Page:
Then there is the subtle bending of the truth through lying by omission. Sharing only the numbers which support your cause, and sweeping aside the numbers that don't support your cause.

    Its the people behind the numbers, and they are, like everything else in this world, subject to error.

    bobby75703 replied to bobby75703's response:
    So do numbers lie? Oh yeah. Anybody that's been around the business world any length of time can tell ya.

    I remember when I was in real estate, we would look at property for sale. In this case apartment complexes. The seller would present numbers on the property's performance. This data would lie like crazy. Income was always beefed up and expenses were minimized, creating an image of a net profit that did not exist.

    We saw the red flags because we knew the business so well. The seller supplied information lied pretty bad. We stopped looking at them and looked at the property for what it was in the real world, and came up with a realistic set of numbers.

    When something is for sale. It doesn't matter what it is. Property, business, cars, or drugs. The natural human tendency of inflating the benefits, and minimizing the negatives will always be present.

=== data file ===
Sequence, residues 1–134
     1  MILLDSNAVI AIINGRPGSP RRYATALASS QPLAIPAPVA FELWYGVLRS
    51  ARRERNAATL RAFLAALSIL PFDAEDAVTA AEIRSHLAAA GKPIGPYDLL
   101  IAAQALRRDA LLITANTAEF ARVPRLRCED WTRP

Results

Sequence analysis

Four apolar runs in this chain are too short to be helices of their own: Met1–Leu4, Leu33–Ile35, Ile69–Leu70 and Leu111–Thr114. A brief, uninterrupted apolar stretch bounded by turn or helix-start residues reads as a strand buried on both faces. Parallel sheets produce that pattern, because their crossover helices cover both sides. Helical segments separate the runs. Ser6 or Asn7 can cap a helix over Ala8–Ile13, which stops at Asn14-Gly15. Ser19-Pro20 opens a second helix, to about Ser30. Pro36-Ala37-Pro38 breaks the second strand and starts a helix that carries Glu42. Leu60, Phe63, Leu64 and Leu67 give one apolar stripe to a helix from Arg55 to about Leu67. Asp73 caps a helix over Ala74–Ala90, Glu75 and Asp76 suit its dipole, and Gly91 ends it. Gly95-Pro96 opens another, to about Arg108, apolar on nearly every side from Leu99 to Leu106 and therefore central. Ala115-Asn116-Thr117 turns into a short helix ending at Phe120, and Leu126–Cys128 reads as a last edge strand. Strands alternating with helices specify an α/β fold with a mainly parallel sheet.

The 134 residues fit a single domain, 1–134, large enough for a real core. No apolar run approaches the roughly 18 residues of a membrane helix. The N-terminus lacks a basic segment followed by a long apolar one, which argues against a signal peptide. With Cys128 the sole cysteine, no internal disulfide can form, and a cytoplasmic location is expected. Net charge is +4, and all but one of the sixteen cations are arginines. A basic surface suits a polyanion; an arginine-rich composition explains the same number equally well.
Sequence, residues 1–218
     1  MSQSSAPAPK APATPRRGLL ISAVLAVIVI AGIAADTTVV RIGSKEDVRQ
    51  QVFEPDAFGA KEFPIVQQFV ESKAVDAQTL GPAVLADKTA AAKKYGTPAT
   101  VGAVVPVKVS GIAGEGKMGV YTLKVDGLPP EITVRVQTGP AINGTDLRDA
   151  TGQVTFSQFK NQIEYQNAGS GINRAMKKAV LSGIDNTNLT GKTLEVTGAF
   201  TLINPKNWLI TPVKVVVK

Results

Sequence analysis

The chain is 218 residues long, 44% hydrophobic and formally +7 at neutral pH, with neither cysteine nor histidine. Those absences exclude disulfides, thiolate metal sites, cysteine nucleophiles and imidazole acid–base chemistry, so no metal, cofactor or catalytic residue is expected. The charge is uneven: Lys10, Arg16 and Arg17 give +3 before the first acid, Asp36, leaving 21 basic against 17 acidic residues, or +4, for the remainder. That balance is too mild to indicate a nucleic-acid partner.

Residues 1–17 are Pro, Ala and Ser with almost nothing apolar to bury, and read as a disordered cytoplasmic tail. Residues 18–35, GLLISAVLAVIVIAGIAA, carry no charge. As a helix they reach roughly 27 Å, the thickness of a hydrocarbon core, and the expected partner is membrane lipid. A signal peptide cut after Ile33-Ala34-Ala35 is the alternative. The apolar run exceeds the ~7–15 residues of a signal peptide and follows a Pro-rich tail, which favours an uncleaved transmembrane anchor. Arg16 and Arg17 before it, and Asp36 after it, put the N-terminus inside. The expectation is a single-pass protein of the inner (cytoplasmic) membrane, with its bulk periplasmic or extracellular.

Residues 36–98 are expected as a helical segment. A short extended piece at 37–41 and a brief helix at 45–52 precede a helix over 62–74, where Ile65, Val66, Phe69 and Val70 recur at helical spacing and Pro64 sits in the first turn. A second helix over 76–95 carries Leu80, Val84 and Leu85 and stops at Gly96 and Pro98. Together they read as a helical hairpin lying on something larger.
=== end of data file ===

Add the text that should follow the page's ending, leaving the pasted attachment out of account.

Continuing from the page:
This is why I look at all these wild claims about statins, and I see the same thing I have seen all my life.

    Do numbers lie? If you have been down my road, the question would be " When do numbers not lie?"
    iride6606 replied to bobby75703's response:
    Too bad your numbers we're not screen by an independent data management board as these were. I mean really, comparing medical trials to real estate transactions. Not even close to a good comparison.

    It's the DMB that takes the bias out of the numbers. Bad numbers, no release of data. More people would stop talking about trial and study results if they knew the process, how it works, what are the safety nets and how what they bring up makes absolutely no sense.
    iride6606 replied to david1951's response:
    Again, 2009 data has all been pretty much proven to be overstated and no longer accepted, science is moving on but not all will go with it. We need to stop living in the past with old data and learn from the new findings. Even the FDA is pulling warnings on statins, but people can choose to stay angry based on over reactions derived from data gleaned in the 90's, it's OK. Others will look forward and see the opportunities. I have seen spacedoc once or twice, it strikes me as a self serving website designed to benefit from fear, not very helpful.

    So to recap, new meta analysis and current clinical trials are proving, without a doubt, that there are no more incidence of myopathy with people using statins to those on placebos. It's not really that difficult, count those with myopathy in both groups and compare. Pretty simple but hey, I'm only the guy that does the numbers. I'm not advocating one position or the other, that was a very interesting reaction to deflect on a poster starting a discussion. (notice how I did this without using insults as a strategy)